Patient Care

Unconventional Union For Officers Provides Hope For New Beats

Feb. 12, 2021

Buffalo Police Detective Jim Kaska and Police Capt. Melinda Jones were planning to marry in mid-February.  They chose the same date Kaska’s parents were wed; their union lasted more than 60 years. 

All of the wedding arrangements were finalized and it was just a matter of time before they said “I do.”

Last week Kaska “threw a wrench into that whole plan.” 

His heart is the problem:  It is failing.  And he needs a heart transplant.

They cancelled the ceremony to focus on his health while hospitalized at UR Medicine’s Strong Memorial Hospital, Upstate New York’s only heart transplant center. In the midst of extensive testing and care, Kaska, 49, joked that he was in trouble because their plans went awry.

The Cardiac Care team stepped in to help them get married. Less than 24 hours later, his hospital room was adorned with blue and white decorations, a bouquet for the bride, cake and some bubbly – ginger ale – for a toast.

The couple exchanged vows during a winter snowstorm on Feb. 6 in the intensive care unit where he is receiving around-the-clock care until a donor heart becomes available. 

The Hon. Kenneth Szyszkowski, Lackawanna City Court judge and a former lieutenant with Buffalo Police Department, married his longtime friends.

The happy couple now hopes for the best gift ever – a new heart…a second chance.

Anatomy of the Heart

Couple weds in hospital while awaiting heart transplant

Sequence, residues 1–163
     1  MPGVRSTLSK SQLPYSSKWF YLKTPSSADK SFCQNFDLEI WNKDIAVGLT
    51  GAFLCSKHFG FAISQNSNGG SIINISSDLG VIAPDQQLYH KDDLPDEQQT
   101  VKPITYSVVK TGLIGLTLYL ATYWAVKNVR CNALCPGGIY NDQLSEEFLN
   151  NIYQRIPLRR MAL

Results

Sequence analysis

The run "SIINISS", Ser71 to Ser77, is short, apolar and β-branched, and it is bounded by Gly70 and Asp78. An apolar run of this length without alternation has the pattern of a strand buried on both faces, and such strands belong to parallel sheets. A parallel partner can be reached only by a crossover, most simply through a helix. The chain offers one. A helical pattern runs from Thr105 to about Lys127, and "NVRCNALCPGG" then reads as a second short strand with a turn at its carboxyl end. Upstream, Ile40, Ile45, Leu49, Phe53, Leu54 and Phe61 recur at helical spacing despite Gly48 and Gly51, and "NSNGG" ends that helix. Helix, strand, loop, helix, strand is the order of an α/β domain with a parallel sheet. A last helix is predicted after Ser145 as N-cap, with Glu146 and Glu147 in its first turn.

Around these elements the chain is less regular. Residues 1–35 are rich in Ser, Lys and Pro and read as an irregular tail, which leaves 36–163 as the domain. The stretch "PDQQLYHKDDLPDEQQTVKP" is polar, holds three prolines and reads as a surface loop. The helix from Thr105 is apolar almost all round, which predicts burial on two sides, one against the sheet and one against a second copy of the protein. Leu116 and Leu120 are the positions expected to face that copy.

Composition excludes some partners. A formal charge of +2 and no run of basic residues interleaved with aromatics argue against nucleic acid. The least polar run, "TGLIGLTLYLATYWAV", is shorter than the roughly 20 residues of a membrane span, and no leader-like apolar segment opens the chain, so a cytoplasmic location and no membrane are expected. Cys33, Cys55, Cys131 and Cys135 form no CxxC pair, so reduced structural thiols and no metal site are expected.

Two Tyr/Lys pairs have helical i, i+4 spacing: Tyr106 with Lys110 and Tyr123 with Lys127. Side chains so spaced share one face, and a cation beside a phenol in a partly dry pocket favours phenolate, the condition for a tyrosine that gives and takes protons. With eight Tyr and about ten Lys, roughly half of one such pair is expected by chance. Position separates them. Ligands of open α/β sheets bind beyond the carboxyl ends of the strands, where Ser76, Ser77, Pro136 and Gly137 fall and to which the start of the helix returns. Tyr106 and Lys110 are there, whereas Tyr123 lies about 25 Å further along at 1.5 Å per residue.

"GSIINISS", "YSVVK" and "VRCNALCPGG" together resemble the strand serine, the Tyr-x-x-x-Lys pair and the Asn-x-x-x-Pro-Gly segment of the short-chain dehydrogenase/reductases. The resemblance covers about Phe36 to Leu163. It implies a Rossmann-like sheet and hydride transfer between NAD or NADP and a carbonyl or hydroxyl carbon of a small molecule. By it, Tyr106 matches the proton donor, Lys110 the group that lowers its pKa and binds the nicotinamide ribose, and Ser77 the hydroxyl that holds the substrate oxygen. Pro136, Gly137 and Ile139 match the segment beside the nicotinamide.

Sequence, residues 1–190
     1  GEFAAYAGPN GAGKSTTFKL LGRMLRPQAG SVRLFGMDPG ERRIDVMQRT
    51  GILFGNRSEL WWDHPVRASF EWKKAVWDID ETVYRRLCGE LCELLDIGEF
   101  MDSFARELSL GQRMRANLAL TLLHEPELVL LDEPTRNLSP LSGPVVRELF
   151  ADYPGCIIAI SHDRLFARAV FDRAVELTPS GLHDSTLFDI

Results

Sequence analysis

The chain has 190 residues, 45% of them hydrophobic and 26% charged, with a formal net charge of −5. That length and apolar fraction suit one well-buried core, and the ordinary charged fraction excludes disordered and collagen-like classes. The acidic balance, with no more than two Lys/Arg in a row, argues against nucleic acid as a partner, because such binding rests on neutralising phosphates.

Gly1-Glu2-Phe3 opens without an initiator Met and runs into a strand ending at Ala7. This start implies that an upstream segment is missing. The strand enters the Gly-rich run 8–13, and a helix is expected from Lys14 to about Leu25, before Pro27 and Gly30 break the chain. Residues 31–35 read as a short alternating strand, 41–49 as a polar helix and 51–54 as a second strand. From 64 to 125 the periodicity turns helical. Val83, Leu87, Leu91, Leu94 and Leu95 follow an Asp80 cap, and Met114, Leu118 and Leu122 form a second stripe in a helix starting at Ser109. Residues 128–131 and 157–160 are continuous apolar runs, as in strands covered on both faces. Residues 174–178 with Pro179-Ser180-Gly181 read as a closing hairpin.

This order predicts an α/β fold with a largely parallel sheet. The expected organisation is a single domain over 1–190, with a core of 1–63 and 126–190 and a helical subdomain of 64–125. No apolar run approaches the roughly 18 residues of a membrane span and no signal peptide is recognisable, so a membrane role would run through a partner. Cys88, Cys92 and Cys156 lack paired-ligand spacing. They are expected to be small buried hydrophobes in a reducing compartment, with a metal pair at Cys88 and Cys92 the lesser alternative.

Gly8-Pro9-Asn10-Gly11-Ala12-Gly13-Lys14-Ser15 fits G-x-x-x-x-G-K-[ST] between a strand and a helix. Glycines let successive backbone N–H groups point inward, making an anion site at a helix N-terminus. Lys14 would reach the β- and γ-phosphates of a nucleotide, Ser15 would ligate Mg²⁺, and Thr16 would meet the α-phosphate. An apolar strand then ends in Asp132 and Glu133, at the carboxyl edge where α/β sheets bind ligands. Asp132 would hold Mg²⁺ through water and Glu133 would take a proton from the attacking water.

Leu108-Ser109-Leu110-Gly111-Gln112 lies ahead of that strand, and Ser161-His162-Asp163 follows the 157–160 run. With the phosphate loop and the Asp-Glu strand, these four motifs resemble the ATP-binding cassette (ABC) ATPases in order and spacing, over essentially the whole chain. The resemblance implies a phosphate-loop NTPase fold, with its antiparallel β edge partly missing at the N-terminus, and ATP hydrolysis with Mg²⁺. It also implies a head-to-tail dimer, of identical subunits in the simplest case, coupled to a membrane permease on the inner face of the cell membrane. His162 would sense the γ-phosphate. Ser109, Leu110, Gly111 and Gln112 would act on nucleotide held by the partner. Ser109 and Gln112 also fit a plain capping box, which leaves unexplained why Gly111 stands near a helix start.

Kaska’s troubles stem from a rare birth defect – Transposition of the Great Arteries. The two main arteries in the heart were reversed and surgeons resolved the situation when he was an infant. 

For more than 45 years, he didn’t worry about the lasting impact of his heart. He played hockey in high school and college, joined the police academy and worked 25 years for the Buffalo Police Department. 

That’s normal, but it does not last forever, according to heart transplant cardiologist Eugene Storozynsky, M.D, Ph.D.  

The heart’s two ventricles pump blood to the lungs or the rest of the body. And they are able to withstand the heavy work for years, but not forever. The two ventricles in the heart are not the same.   

The right ventricle pumps the blood through the pulmonary valve to the lungs, where it becomes oxygenated and moves into the left atrium. Then the more powerful left ventricle pumps the oxygen-rich blood through the aorta and through the rest of the body.

When the heart is malformed and ventricles are transposed, the right ventricle’s job shifts to pumping blood through the entire body. And that is far more taxing than the ventricle can withstand for decades.

Signs that Kaska’s symptoms of heart failure began three years ago. He was alarmed by difficulty breathing and inability to walk short distances without exhaustion. Doctors in Buffalo sent him to Strong Memorial, which is home to Upstate New York’s leading heart failure program.